Don’t touch your eyes! Pollen allergy season is back in the Alaskan interior
As the more sensitive residents have no doubt realized, it is pollen season again; and according to the experts, it has kicked off in dramatic fashion.
On Saturday, birch pollen counts (which are measured in grains per cubic meter of air) sat at 40 p/m3. On Monday, Foundation Health Partners (FHP) Medical Technologist Susan Harry counted 7,045 p/m3 of birch pollen.
“The world record for birch pollen was in Denmark in 2014 and it was 4,696,” says Dr. Tim Foote, an allergen specialist with FHP. This is not a boast, he says, simply something for Fairbanks residents to understand when dealing with pollen allergies. “Half this town, seems like, has some variation of allergy symptoms. Some people, you know, it’s the only thing they’re allergic to,” he says.
“During the peak pollen season –and I hate to say this, it’s not a very popular recommendation— choose when you’re going to be outside,” Dr. Foote advises. “You can follow the pollen count on
. When it’s 1,500 or greater, most people are going to have a big dose of inhaled pollen.”
There are proactive ways of dealing with this, he says: choosing not to be outside on days where pollen counts are heavy; or if going out, remember to shed all outdoor clothes when coming back inside and putting them in a closed hamper away from the bedroom.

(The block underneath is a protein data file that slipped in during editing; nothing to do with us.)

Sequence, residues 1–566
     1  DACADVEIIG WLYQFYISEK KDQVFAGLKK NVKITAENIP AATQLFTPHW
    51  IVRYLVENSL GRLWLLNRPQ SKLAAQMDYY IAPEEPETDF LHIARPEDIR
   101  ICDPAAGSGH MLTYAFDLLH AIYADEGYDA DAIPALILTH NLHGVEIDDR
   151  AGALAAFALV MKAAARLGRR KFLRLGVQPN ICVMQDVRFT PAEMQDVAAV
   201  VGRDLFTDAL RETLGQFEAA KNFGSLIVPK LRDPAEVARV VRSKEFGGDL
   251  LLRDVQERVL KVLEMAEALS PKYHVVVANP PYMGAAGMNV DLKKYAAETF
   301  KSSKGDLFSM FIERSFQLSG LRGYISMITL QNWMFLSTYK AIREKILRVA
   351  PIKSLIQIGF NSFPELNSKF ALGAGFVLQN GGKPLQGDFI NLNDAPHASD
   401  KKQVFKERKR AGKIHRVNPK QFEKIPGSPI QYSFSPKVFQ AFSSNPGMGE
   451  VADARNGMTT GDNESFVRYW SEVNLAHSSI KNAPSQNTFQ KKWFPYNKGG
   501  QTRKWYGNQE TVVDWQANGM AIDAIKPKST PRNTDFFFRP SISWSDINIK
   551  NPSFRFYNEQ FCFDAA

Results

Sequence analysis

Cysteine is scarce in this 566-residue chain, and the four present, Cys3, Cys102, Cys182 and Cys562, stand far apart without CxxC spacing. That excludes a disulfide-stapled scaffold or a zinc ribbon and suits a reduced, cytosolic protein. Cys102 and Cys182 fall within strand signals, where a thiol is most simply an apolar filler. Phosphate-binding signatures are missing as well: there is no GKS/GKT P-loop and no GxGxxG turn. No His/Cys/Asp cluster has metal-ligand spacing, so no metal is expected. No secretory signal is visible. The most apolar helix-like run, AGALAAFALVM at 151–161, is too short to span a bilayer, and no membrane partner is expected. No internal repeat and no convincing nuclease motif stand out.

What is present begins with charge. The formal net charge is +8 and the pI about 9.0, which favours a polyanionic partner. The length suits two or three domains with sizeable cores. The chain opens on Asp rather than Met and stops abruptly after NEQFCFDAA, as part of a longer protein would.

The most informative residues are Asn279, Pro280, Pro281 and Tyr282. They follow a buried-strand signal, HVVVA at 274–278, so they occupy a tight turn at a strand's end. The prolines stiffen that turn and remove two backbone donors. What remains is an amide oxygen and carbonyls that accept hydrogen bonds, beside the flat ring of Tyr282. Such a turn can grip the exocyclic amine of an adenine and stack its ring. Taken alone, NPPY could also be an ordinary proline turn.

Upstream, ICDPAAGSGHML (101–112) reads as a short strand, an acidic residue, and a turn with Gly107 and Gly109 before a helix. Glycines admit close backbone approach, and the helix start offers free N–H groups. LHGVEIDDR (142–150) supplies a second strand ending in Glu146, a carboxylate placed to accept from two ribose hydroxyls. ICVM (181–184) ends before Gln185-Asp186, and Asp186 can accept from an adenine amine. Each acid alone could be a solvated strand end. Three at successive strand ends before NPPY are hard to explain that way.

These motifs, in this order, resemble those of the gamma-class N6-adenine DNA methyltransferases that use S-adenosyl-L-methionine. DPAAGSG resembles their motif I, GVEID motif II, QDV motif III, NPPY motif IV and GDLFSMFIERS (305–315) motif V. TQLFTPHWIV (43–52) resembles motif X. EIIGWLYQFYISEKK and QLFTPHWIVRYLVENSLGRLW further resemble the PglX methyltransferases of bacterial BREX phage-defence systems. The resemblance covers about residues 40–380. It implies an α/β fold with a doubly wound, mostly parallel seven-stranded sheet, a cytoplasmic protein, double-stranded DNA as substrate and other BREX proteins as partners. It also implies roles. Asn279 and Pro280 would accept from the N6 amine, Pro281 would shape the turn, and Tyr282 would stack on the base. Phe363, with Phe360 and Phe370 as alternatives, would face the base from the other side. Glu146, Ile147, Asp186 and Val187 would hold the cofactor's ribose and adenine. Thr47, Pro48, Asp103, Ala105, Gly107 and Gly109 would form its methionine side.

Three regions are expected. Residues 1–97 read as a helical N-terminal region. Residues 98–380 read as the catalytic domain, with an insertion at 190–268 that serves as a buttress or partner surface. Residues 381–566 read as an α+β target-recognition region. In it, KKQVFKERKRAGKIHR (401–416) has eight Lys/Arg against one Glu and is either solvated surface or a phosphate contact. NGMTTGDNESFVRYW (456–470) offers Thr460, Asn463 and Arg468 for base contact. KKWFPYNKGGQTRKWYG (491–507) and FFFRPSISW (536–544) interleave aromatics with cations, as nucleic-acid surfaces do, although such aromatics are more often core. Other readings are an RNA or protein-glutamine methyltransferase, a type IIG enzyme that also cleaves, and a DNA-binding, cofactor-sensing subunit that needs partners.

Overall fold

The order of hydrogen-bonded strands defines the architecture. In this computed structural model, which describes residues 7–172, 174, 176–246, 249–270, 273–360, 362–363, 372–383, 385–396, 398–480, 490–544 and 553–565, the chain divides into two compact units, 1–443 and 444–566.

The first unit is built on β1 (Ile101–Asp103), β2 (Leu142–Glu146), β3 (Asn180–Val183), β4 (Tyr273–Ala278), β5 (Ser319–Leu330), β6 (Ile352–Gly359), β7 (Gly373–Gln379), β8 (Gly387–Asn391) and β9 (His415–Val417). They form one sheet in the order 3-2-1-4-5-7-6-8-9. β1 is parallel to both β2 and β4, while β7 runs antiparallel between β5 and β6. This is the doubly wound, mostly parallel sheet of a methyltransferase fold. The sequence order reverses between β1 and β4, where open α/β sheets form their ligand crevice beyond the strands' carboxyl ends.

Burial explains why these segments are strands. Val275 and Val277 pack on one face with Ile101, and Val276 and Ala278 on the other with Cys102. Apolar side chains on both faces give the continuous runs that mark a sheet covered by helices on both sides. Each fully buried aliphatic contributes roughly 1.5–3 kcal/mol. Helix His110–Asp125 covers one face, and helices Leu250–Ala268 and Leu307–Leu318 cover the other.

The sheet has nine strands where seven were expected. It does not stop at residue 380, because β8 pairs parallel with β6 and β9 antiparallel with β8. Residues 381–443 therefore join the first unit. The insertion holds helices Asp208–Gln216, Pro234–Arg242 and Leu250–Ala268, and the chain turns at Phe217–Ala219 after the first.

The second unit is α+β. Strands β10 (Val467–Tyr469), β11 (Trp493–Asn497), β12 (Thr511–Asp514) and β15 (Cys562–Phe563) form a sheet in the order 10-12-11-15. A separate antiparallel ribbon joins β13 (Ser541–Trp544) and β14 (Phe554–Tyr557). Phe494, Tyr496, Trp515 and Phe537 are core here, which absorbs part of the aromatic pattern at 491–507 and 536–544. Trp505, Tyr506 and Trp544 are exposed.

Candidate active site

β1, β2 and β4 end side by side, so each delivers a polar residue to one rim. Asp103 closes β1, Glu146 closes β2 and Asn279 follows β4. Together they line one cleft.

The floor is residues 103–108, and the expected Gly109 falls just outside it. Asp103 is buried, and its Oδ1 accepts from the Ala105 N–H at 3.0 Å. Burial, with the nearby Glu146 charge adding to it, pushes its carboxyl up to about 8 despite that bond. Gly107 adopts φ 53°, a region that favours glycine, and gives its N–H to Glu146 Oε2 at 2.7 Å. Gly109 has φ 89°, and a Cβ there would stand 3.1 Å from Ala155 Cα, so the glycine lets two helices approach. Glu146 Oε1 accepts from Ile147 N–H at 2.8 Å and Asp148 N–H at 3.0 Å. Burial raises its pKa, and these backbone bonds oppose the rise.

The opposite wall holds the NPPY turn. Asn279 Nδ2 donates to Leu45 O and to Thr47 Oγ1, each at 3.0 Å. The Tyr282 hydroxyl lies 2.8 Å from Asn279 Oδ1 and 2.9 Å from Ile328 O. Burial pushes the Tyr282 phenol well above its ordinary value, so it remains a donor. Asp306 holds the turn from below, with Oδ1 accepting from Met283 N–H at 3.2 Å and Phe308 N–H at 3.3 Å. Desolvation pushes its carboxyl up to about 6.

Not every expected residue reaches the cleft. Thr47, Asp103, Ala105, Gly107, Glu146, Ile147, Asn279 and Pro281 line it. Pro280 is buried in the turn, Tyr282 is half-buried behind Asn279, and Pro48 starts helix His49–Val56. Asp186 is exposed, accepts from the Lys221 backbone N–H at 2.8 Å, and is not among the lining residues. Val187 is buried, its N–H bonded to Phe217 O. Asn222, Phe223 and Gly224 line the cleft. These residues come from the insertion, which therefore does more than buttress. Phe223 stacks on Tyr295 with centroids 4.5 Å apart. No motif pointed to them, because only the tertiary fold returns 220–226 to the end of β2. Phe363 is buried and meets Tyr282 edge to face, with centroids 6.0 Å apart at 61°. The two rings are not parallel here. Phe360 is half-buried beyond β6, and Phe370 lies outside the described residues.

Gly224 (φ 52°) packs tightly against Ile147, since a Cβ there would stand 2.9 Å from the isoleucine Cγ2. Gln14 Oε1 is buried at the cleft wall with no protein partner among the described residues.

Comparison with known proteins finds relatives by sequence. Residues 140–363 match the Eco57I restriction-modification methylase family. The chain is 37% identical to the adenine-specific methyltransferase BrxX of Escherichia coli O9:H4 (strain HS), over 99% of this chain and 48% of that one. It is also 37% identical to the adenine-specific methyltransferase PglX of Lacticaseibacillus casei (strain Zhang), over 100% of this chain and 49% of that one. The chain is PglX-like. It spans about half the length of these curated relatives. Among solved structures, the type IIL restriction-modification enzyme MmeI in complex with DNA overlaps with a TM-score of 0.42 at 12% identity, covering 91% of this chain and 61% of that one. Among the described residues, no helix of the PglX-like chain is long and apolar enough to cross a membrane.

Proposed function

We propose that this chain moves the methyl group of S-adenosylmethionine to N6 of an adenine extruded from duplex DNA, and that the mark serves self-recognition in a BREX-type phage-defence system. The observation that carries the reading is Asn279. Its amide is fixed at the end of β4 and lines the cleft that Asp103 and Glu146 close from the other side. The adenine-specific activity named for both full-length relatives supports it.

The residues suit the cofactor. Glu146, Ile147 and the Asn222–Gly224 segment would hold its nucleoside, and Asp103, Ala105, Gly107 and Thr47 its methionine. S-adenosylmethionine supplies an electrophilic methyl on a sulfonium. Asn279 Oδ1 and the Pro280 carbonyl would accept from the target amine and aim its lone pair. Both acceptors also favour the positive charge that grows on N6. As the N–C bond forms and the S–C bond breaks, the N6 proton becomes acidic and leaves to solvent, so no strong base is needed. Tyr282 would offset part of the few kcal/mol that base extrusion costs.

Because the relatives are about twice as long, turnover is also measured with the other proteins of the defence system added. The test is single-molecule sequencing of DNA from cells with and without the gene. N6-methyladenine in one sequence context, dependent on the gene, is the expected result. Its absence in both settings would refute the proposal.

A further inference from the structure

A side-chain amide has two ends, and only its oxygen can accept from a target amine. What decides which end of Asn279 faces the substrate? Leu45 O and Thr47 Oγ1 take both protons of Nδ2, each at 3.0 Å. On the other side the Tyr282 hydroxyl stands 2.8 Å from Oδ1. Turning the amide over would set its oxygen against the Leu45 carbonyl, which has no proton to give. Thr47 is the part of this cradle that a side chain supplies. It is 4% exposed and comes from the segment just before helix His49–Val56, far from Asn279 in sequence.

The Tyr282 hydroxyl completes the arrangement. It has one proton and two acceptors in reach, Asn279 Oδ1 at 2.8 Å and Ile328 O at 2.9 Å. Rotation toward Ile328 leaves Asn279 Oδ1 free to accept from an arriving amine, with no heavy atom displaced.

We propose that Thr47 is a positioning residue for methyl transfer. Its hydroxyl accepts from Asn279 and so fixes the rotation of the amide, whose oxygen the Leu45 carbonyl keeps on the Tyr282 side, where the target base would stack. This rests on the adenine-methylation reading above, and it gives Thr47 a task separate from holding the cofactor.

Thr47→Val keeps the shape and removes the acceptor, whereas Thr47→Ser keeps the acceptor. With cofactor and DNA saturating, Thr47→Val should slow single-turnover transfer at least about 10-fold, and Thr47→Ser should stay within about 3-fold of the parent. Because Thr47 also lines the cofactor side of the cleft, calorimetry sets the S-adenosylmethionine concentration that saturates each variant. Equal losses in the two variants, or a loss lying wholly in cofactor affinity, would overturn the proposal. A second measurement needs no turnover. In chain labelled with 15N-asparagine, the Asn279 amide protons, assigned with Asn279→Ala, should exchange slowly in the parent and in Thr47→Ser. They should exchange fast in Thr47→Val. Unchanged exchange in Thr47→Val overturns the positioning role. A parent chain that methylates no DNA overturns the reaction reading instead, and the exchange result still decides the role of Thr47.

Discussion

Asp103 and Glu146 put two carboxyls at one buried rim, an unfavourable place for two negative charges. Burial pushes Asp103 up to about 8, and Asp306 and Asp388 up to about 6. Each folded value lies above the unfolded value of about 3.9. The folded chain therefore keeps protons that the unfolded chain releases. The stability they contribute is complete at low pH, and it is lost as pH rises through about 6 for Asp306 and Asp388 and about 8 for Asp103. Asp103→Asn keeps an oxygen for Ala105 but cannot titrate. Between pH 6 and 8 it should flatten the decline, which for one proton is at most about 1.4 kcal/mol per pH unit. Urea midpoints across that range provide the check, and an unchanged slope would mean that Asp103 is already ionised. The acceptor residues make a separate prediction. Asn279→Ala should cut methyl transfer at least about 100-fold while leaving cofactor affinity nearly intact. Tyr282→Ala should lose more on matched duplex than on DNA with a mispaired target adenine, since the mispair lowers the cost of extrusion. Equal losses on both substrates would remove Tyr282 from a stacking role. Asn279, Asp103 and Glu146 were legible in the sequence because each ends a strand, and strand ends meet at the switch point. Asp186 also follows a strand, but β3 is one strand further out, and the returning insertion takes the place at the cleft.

HEPA filters beside the bed are also helpful. “The dog should not be coming in and out, bringing a lot of pollen into the house,” Foote says. “Do not under any circumstances touch your eyes,” he adds. This can trigger histamines, which cause an immune reaction in the body in response to injuries or allergens.
Allergy sufferers can also seek medical help in the form of antihistamines. “There are more proactive measures: allergy shots work,” Foote says, adding, “And we also offer birch drops.” He says these are the European equivalent to shots and that they have treated over a thousand patients with them over the years.
There is another item to discuss: common symptoms between pollen allergies and COVID-19 infection. This diagram represents which symptoms are shared between the two conditions and which are not.
(Foundation Health Partners)
Although there may be telltale symptoms for each –itchy eyes, for instance, are unlikely to be related to COVID-19, while conversely, fevers are not associated with pollen allergies.
However, Dr. Foote admits that the symptoms of COVID-19 infection can be subtle, and difficult to differentiate from allergies. “The bottom line is that if anyone in Fairbanks feels they need to be tested, they can be,” he says, and advises calling the Fairbanks Memorial Hospital hotline at (907) 458-2888.
When it comes to pollen allergies, Foote says that Fairbanks can anticipate some good news. “After a couple of good rains, let’s say two to four weeks, the birch pollen’s completely washed out of the air,” he says.
Spruce pollen will then follow, but according to the doctor, is relatively inert.